This is a recopilation of the tweaks that I consider the most useful to optimize your SSD (Solid state drive) performance on Windows 10 platform
One of the considerations to increase de lifespan of an SSD is to reduce the unnecessary writing to disk. Write times can be a little slower than read times so reducing the write operation will result in a performance increase.
Windows uses a page file to store memory data that can’t be held by the RAM. This is useful only if you have a low RAM size. If you have enough RAM installed you can disable the pagefile in this drive, or move it a different disk.
Start button > search Control Panel and select System
Go to Advanced system settings
Advanced tab > Performance section > Settings
Advanced tab > Virtual Memory section > Change
Uncheck “Automatically manage paging file size for all drives”
Select your SSD drive > Select No paging file > Set
The indexing service in Windows is implemented to make the search function perform faster by storing an index of file locations. The quick response times of SSDs make this service obsolete and unnecessary
Select your SSD drive > Right click > Properties
Uncheck “Allow files on this drive to have contents indexed in addition to file properties”
Disable prefetch and superfecth
Those techniques is to speed up visiting in Windows XP and Vista system. SSD doesn’t need this at all.
Start button and search Regedit
Navigate to HKEY_LOCAL_MACHINE\SYSTEM\CurrentControlSet\Control\Session Manager\Memory Management\PrefetchParameters
Set EnablePrefetcher and EnableSuperfetch to 0
If you don’t have an entry for EnableSuperfetch only disable the Sysmain Service.
Start button > search for Services
Search for SysMain service and set Startup type to Disable and you can Stop it if it’s already running.
Verify TRIM is Functioning
Open a Command Prompt window and run the command:
fsutil behavior query DisableDeleteNotify
If it’s set to “0”, TRIM is enabled and everything is good. If it’s set to “1”, TRIM is disabled and you need to enable it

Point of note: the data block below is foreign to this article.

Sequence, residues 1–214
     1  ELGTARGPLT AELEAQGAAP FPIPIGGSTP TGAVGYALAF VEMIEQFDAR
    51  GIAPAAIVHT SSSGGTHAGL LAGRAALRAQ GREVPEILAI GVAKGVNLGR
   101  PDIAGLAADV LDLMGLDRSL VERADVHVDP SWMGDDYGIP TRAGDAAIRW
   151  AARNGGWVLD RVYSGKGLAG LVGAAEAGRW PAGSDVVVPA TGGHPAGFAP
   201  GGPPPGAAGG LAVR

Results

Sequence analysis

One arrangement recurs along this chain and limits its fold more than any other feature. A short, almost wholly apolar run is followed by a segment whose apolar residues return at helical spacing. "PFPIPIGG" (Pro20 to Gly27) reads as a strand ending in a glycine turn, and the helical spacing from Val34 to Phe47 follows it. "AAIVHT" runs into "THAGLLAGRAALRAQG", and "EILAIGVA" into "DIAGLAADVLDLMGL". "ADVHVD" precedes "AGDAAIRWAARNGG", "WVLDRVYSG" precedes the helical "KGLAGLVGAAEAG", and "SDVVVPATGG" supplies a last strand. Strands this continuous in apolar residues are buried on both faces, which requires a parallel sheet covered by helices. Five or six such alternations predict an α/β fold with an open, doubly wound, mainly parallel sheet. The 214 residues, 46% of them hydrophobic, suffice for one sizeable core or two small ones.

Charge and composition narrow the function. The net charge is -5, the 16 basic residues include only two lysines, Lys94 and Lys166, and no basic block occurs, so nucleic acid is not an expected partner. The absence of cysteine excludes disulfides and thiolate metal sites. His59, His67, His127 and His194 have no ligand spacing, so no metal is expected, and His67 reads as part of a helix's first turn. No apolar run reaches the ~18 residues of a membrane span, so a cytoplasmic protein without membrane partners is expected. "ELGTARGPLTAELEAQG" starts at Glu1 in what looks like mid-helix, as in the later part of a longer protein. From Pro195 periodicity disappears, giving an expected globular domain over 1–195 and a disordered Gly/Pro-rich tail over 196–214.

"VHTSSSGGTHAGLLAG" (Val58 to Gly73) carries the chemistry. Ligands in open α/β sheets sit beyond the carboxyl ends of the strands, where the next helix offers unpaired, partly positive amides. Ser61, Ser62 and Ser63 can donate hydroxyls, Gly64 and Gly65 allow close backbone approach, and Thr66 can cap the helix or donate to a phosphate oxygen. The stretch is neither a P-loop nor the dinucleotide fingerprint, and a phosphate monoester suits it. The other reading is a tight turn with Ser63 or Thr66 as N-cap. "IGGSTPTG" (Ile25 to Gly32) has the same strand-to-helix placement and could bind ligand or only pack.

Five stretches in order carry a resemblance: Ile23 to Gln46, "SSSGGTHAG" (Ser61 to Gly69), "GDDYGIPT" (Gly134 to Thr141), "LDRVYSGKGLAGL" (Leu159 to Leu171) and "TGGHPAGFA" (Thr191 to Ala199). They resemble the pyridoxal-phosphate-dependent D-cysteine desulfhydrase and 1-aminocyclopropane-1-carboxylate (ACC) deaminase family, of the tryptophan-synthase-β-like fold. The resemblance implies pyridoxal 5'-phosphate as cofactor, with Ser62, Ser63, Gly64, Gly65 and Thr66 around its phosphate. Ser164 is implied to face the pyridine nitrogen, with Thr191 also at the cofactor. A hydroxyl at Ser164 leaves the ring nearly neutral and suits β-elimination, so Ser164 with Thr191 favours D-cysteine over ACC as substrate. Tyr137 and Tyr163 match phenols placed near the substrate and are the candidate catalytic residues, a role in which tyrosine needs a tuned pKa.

If TRIM is disabled you can enable it using this command:
fsutil behavior set DisableDeleteNotify 0
Disable Fast Startup
When you shut down your computer with Fast Startup enabled, Windows closes all applications and logs off all users, at this moment saves the current system state to the hibernation file, and turns off the computer.
When you start the computer again, Windows does not have to reload the kernel, drivers, and system state. Instead, it just refreshes your RAM with the loaded image from the hibernation file and delivers you to the login screen. This technique can save considerable time off your start up but it’s a substancial increase on disk writes. SSD drives has an aceptable startup speed so we can disable this option.
Start button > search Control Panel and select Power Options
Click “Choose what the power buttons do”
Click “Change settings that are currently unavailable”
Uncheck “Turn on fast startup (recommended)” and Save Changes
Move temp folder
One of the folders more overwrited are the temporary folders. If you have a HDD you can move the windows temp folders to this drive.
Create two new folders TEMP and TEMPUSER in your HDD drive.
TEMP folder will be used for the system when no user is logged.
Now we need to change the temp folder enviroment variables, so:
Start button > search Edit the system environment variables
Change the TEMP and TMP variables to point to the new folders location in both sections.
Move User Folders
We can move some folders related to our user account like Downloads or Documents to other drive. This folders has no big impact in our SSD but it all adds up.
The first step is to create the new folders in our HDD drive, we need one folder for each user folder. I prefer to maintain the original folders hierarchy, so I will create:
Now Right click on the first folder to move
(Downloads e.g.) in the left panel of the Windows explorer > Properties
Select the Location tab, and put the path to the new folder.
Repeat this steps with the other folders
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